Sites like The Vagenda and writers such as Caitlin Moran aren’t everyone’s cup of tea, but they inject irresistible humour into the subject. And the art of good comedy is to always ‘punch up’ – unless you’re playing a character, such as Rachel Parris’s nightmare diva singer Felice in her show, Rachel Parris: Live in Las Vegas. Therefore, feminism is ripe for comedy – just as left wing, alternative comedy thrived in the eighties, feminism is fighting a absurd battle that needs to be had – and that means there’s humour to be mined.

Even if Bridget Christie’s comedy isn’t to your taste, if you were to analyse it, you’d surely have to appreciate the structure, the purpose and the commitment to the performance. She sends-ups perceptions of feminists, brings the ridiculous double standards of sexism to the fore, critiques her own bubbling anger and she also opens up a debate that will last with the audience once they leave the venue – last year it was through playing an inspiring recording of Malala Yousafzai talking about surviving the attempt on the life by the Taliban and the aftermath, and this year she’s making her intention to make a stand against FGM known.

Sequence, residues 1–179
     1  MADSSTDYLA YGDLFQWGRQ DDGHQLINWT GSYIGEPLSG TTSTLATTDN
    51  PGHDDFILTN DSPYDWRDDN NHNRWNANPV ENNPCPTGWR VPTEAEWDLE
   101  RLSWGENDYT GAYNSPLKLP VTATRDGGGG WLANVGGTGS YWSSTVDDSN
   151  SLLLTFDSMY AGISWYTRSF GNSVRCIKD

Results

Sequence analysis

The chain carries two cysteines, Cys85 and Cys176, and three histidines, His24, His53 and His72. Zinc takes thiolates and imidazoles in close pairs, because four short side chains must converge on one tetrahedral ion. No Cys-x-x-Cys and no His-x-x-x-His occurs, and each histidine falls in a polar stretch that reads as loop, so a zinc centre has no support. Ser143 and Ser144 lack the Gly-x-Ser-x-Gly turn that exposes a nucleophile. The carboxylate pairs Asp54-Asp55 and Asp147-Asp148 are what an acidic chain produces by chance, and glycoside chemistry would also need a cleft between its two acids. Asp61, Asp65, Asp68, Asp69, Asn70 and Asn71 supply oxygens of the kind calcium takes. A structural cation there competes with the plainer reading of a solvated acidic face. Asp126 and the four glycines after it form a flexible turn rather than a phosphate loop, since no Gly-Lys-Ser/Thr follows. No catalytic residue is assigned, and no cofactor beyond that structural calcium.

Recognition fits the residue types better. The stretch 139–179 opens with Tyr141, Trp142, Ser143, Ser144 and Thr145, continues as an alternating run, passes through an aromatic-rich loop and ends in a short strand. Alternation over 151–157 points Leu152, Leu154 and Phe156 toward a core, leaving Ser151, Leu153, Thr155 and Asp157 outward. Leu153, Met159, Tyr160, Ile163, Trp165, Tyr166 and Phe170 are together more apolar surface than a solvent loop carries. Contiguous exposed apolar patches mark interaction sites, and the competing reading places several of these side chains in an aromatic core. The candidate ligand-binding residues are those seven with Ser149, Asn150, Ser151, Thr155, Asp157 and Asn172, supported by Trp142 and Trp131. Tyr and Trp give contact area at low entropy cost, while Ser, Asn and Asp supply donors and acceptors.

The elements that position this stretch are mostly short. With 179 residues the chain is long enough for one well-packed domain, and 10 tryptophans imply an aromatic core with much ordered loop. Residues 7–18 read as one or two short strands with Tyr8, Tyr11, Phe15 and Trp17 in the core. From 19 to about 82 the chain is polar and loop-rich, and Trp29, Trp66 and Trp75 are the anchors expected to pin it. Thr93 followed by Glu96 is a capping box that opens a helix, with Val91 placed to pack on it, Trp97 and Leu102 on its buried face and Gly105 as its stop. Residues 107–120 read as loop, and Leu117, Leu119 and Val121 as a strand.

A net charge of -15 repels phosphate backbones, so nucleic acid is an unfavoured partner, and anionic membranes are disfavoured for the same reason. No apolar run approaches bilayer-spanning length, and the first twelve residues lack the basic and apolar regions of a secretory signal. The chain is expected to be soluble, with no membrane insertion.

“I don’t like ‘female comedy’. It’s my least favourite genre”

Well, luckily for you, it doesn’t exist!

In conclusion…

If you think women aren’t funny, you’re simply not looking hard enough. We don’t see enough of a variety of female acts on the TV for everyone to see someone to their taste, but the spectrum of acts around is so broad yet they don’t all get showcased on TV. Go out into clubs, go to the Fringe, make some effort – go on YouTube, or Chortle, or follow-up on tips from – yes, you guessed it – the flipping’ Guardian.

But whatever you do, don’t believe what you read in the comments, ok?